He became invested in helping performing arts students as well as raising awareness to how much physical activity is involved in the performing arts, be it the Marching 110 members supporting their heavy instruments or an actor moving around on stage.
But Russell doesn’t pretend he could do this without the immense support he’s received. Namely, his partnerships with the College of Health Sciences and the College of Fine Arts have been the clinic’s saving grace in terms of keeping operations going — especially during the pandemic.
The partnership with the College of Fine Arts was locked in before Matthew Shaftel, dean of the College of Fine Arts, arrived at OU. But he’s been working with the rest of the college’s staff to expand it, as this kind of collaboration between colleges is what attracted him to OU in the first place.
“Here we went into COVID-19, and there are all these concerns about safety and the arts, and thank goodness that we have a SHAPe Clinic thinking about health and safety and helping us to devise good safety plans,” Shaftel said. “It's really incredible.”
Not only does he have the support from the College of Health Sciences and the College of Fine Arts, but he also has a trained staff of master’s student clinicians working in the clinic every day.
“I knew I wanted to go into performing arts medicine as an athletic training student, and looking across the country, this is one of the only clinics of its kind that serves all of the performing arts at the university … and the athletic trainers are solely dedicated to performing artists,” Ariana Senn, a second year in the post-professional Master of Science in athletic training program, said.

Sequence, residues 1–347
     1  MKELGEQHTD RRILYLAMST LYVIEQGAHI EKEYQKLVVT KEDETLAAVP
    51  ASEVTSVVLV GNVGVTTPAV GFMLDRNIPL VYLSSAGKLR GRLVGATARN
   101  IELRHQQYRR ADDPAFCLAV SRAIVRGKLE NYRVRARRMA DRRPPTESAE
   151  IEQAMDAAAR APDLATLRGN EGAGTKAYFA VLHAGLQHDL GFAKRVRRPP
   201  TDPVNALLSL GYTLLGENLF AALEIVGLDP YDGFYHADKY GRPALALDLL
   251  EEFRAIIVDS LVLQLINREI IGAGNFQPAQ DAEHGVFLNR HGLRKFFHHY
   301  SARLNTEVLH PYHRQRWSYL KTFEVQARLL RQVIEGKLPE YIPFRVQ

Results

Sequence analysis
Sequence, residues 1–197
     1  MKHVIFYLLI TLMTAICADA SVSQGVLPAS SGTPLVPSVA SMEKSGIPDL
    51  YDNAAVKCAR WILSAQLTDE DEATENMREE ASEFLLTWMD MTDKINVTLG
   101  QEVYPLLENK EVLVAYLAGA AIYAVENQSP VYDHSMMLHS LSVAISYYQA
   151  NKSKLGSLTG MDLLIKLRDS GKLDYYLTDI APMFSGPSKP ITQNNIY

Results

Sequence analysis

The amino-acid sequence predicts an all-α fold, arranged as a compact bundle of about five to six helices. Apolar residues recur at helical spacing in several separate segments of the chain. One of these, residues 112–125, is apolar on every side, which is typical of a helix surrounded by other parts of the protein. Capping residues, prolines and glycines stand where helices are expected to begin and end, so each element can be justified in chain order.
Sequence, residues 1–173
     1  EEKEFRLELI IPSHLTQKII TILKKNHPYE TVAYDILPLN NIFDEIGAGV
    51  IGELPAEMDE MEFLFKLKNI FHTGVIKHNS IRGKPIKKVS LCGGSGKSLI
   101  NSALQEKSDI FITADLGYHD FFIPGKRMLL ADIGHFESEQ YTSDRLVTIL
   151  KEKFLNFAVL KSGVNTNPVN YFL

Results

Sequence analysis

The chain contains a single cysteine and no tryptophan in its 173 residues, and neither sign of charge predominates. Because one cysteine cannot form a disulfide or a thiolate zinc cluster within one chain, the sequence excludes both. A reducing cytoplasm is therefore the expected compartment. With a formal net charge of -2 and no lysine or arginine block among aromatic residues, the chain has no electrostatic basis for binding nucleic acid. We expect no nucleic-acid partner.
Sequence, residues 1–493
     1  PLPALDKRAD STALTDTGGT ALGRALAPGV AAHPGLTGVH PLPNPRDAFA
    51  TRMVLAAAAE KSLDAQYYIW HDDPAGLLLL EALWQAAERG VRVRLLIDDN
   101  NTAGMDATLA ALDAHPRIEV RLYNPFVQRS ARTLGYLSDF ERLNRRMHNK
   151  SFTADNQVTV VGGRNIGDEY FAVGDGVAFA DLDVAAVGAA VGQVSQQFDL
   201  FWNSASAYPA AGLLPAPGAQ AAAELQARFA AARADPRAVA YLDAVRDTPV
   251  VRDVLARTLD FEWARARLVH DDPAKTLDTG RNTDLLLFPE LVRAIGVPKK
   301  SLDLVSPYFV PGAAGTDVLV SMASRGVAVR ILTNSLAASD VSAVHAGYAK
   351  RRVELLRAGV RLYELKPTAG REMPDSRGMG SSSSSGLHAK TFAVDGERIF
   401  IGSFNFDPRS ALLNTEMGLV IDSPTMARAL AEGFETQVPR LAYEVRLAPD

Senn is the lead athletic trainer and works with Emily Eckman and Rebecca Marszalek, both first years in the same program, at the clinic. All three receive a stipend each month, and their tuition fees are waived through the program.
The three clinicians are proud to watch their work pay off through the improvements of the patients. They want people to understand that, especially with the pandemic, it’s easy to see how important of a role the arts play in the entertainment of the general public. They understand their roles as trainers are key to making sure performers stay safe and healthy.